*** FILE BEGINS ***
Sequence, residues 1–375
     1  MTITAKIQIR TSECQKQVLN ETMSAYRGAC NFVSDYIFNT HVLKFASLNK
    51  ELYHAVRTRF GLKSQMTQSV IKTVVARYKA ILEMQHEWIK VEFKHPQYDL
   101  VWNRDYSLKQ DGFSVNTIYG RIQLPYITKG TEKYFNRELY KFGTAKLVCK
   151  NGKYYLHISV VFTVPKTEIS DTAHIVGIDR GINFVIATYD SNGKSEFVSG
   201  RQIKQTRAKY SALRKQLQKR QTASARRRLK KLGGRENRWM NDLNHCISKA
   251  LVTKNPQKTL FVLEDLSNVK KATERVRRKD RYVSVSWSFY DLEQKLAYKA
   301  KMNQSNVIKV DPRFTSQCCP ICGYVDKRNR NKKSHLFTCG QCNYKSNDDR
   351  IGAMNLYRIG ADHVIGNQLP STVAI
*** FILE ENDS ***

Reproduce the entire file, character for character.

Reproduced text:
Sequence, residues 1–375
     1  MTITAKIQIR TSECQKQVLN ETMSAYRGAC NFVSDYIFNT HVLKFASLNK
    51  ELYHAVRTRF GLKSQMTQSV IKTVVARYKA ILEMQHEWIK VEFKHPQYDL
   101  VWNRDYSLKQ DGFSVNTIYG RIQLPYITKG TEKYFNRELY KFGTAKLVCK
   151  NGKYYLHISV VFTVPKTEIS DTAHIVGIDR GINFVIATYD SNGKSEFVSG
   201  RQIKQTRAKY SALRKQLQKR QTASARRRLK KLGGRENRWM NDLNHCISKA
   251  LVTKNPQKTL FVLEDLSNVK KATERVRRKD RYVSVSWSFY DLEQKLAYKA
   301  KMNQSNVIKV DPRFTSQCCP ICGYVDKRNR NKKSHLFTCG QCNYKSNDDR
   351  IGAMNLYRIG ADHVIGNQLP STVAI